Lane Bryant isn’t the only retailer to shine a light on body positivity. Aerie, owned by American Eagle Outfitters, has also advocated for unretouched photos with its non-Photoshopped Aerie Real campaign that featured everyday women (and men). Designer Christian Siriano, who recently penned a THR op-ed on designing for a range of women on the red carpet, also featured a variety of models (Garcia-Lorido included) for his spring 2017 runway show.
Danielle Brooks said she’s gotten tons of positive reactions to her body positive Lane Bryant campaign
If you’re looking for something to brighten up your day, look no further. Actress Danielle Brooks said she’s gotten tons of positive reactions to her body positive Lane Bryant campaign! She is going to continue her mission of promoting body positivity. Furthermore, other designers will see the value of doing this themselves.
Danielle joins other celebrities including Gabourey Sidibe, Ashley Graham, and Candice Huffine in Lane Bryant’s #ThisBody campaign. Lane Bryant carries clothes from size 14-28.
According to an interview between the Orange Is The New Black fan favorite and The Cut, the reaction to the campaign has been overwhelmingly positive. Brooks said:
“I have not really come across too many trolls, which is nice. Women are seeing themselves and are feeling beautiful about their bodies because they’re having people who are bold enough to say that they’re fearless in their skin.”
Danielle Brooks makes sure to remind people that it is representation that truly changes hearts and mind.
By seeing different types of women on screen and in advertisements, we lessen the societal stigmas that say women should look a certain way. Instead, we make it safe for any woman to feel glamorous and well-dressed. Brooks continues by saying:
“It’s been cool to get their reaction and see women be proud to be in bathing suits and not be afraid of showing stretch marks or whatever.”
Danielle Brooks is the perfect spokesperson for this movement. Not only are her characters powerful, she doesn’t hold anything back in real life, either. Her fashion taste is impeccable, inspiring other women to dress however they want, no matter what their size is.
- By Dasha Fayvinova
We’re swooning over this ad for plus-size retailer Lane Bryant, in which Precious Lee, a size-14 African American woman takes center stage.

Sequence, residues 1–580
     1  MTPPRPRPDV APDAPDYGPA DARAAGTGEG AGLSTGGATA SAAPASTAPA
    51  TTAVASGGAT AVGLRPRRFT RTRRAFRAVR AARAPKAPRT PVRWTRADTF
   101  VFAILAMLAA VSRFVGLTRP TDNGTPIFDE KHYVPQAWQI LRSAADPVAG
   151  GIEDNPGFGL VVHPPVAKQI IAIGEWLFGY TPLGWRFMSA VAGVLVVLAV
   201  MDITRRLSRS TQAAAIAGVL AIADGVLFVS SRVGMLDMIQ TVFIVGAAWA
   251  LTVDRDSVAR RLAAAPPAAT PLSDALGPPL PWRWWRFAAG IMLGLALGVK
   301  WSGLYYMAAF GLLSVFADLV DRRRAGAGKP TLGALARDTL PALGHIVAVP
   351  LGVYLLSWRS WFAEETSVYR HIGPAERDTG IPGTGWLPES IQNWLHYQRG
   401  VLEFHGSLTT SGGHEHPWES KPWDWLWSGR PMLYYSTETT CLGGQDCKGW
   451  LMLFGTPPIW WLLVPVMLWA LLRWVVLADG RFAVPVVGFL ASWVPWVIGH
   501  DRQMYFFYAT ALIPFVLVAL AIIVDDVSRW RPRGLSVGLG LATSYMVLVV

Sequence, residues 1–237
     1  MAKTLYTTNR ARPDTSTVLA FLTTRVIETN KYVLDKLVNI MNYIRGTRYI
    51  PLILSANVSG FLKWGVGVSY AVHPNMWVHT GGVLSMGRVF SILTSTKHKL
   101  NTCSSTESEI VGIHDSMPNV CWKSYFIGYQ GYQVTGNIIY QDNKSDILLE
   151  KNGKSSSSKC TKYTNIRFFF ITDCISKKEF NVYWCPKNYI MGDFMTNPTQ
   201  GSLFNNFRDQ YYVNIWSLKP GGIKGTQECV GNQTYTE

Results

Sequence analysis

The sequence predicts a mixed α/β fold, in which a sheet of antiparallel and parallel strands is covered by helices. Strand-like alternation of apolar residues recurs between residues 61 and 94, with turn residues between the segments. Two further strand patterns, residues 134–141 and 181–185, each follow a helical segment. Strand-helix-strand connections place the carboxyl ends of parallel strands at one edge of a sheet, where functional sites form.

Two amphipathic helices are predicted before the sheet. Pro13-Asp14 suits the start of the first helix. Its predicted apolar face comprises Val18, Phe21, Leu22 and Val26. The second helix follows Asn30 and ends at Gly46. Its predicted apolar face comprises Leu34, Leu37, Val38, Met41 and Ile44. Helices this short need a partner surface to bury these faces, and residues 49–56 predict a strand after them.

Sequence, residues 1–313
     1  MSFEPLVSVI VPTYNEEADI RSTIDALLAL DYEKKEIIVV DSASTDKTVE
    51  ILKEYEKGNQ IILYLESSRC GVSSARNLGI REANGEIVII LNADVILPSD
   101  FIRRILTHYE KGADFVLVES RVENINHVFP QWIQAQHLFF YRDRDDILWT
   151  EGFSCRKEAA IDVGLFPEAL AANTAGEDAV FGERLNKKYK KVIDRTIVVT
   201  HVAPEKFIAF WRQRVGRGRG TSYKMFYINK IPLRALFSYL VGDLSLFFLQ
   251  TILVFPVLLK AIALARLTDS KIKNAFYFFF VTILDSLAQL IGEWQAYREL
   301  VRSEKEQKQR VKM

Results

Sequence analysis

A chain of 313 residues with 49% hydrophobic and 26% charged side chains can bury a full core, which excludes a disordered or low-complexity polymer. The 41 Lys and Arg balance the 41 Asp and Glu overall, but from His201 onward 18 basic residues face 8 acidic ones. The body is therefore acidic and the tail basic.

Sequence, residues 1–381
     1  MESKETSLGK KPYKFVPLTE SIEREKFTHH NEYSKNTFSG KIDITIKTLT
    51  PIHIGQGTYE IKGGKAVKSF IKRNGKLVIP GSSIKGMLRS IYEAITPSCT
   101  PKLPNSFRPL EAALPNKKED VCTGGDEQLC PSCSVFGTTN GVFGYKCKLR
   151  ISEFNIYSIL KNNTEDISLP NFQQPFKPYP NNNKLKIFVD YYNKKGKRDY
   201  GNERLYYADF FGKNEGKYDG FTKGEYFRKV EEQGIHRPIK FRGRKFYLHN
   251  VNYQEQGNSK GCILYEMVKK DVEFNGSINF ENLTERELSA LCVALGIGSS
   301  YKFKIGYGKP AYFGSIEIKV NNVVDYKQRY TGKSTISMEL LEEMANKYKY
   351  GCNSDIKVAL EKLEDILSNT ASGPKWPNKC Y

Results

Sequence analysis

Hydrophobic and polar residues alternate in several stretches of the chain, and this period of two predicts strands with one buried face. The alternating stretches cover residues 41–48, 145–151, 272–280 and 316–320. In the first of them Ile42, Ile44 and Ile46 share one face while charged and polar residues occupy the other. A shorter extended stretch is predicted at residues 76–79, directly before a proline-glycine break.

“This body is made to be uncovered,” reads the powerful ad, alongside a striking image of Lee in a white bikini.
RELATED: ‘We’re making history’: Go behind the scenes of Ashley Graham’s Sports Illustrated shoot
— POPSUGAR Fashion (@POPSUGARFashion) February 12, 2016
The best part? The ad is featured in the pages of Sports Illustrated’s 2016 swimsuit issue — a bold move that comes on the heels of a few other similarly-motivated choices by the magazine. The 2016 issue has already made waves for its triple cover, featuring Hailey Clauson, plus-size model Ashley Graham and martial artist Ronda Rousey.
Ashley Graham gives behind-the-scenes look at Sports Illustrated shoot
Feb. 15, 201602:27
Other exciting choices include 56-year-old model Nicola Griffin, British Ghanaian model Philomena Kwao and plus-size model Robyn Lawley.
RELATED: Sports Illustrated releases 3 swimsuit covers: Ashley Graham, Ronda Rousey, Hailey Clauson
“We’re making history,” Graham told TODAY Monday. “And this issue is dedicated to all my curvy women out there.”
shout out to the 2 beautiful black +size women in sports illustrated ads this year! @PreciousLeeXOXO @PhilomenaKwao pic.twitter.com/feL1F4Bbrx
— gabifresh (@gabifresh) February 14, 2016
Instagram/Universal Standard By Crystal Tate · September 19, 2017
In 2015, Lane Bryant threw shade at Victoria’s Secret with their “I’m No Angel” lingerie campaign, and now the campaign is back and feature actress Danielle Brooks! Last night during the 2017 Emmy Awards, Lane Bryant debuted the commercial for the brand’s Cacique lingerie line.
A revolution in the making. No filters. No fears. No looking back. #ImNoAngel is here.
Brooks stars in the commercial alongside plus size models Ashley Graham, Candice Huffine and Denise Bidot. This is Brooks’ second campaign with Lane Bryant. The campaign, which promotes body positivity and encourages women to love their shapes, highlights all four women unabashedly showing off their bodies in lingerie.
In the commercial, they discuss their body insecurities including love handles, cellulite and stretch marks, and their overall empowering message to all women and their body flaws is simply “Own it!” Or as Brooks powerfully states, “Dare to be your sexy!”
Recently, Brooks has definitely been making quite the name for herself in the fashion world. The Orange Is the New Black actress also recently collaborated with Universal Standard on an upcoming fashion line.
Watch Lane Bryant’s new commercial below.
Share : TOPICS: Celebrity Fashion Danielle Brooks
Lane Bryant redefines ‘sexy’ through #ImNoAngel!
by Elena Mihajlovska
The plus size clothing brand Lane Bryant has launched a campaign dedicated to women of all shapes and sizes. The new campaign presents a lingerie collection and shoots straight in the direction of Victoria’s Secret as it is called #ImNoAngel. The goal is to empower all women around the world to feel sexy no matter their size or shape, and to learn to love every part of their body.
Apart from being a great way of promoting the lingerie, #ImNoAngel promotes fair representation of body types in fashion and the media. Obviously, this has created an ongoing intense debate. Victoria’s Secret fans certainly did not like the ‘open attack’ on the angels of Victoria’s Secret.